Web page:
Eleven anaesthetists completed a simulated anaesthetic which was deliberately complicated by a slow progressive bradycardia followed by an episode of severe bronchospasm.
After the simulation, each anaesthetist was asked to complete an anaesthetic chart and a critical incident report.
Considerable discrepancies were found between the anaesthetists'written accounts, a videotape of their performance and actual data from the simulator.
During the simulations, all of the anaesthetists reacted appropriately and treated their « patient » successfully but their written accounts showed a tendency to record « typical » rather than actual events and to ignore events not consistent with their final diagnosis.
Only four anaesthetists mentioned bradycardia in their written description and none accurately described the changes in arterial pressure during the episode of bronchospasm.
The findings are in keeping with other studies which suggest that people record events as « schemata » rather than as collections of discrete facts.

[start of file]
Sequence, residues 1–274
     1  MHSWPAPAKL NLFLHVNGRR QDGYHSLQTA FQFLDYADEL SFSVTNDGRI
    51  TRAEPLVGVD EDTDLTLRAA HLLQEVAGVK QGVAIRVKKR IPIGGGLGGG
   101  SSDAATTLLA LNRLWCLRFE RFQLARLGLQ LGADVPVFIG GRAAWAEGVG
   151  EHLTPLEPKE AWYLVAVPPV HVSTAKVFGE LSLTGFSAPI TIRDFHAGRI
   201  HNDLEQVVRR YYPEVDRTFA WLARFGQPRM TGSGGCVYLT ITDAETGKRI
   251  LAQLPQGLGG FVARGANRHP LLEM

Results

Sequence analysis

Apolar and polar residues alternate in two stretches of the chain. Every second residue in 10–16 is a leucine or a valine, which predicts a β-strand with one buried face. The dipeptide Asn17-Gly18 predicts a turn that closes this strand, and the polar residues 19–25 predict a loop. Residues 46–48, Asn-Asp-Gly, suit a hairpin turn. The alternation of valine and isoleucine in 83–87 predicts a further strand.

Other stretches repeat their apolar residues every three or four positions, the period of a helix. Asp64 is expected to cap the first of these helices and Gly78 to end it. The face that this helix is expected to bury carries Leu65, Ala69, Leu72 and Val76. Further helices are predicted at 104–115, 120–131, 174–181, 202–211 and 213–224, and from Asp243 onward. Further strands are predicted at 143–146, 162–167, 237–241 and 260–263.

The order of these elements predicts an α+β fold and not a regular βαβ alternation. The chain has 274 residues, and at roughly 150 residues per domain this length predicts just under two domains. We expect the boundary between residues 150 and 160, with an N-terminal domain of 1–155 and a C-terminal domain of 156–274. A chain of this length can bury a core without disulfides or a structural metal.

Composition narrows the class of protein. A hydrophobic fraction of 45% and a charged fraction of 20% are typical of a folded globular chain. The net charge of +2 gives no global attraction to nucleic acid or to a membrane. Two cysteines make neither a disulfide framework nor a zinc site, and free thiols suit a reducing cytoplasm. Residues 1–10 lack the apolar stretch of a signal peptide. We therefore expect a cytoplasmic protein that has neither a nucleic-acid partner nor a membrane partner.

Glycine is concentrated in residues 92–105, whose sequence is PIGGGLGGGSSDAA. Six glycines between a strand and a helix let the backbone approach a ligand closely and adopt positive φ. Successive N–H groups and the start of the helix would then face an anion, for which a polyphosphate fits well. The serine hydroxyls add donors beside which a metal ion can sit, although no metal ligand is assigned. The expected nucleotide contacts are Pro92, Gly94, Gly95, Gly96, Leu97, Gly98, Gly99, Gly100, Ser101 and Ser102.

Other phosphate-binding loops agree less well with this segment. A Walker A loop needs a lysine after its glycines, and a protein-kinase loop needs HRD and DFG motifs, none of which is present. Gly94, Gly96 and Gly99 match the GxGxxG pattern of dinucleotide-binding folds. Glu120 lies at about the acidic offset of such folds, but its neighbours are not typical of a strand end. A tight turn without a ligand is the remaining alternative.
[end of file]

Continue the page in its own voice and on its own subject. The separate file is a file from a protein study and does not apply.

These results have significant implications for those involved in the teaching of anaesthesia and in the analysis of critical incidents.
Mots-clés Pascal : Simulation ordinateur, Urgence, Anesthésie, Anesthésiste, Formation professionnelle, Personnel sanitaire, Homme, Compte rendu, Complication
Mots-clés Pascal anglais : Computer simulation, Emergency, Anesthesia, Anesthesiologist, Occupational training, Health staff, Human, Report, Complication
Notice produite par :
Inist-CNRS - Institut de l'Information Scientifique et Technique
Cote : 97-0391514
Code Inist : 002B30A09. Création : 12/09/1997.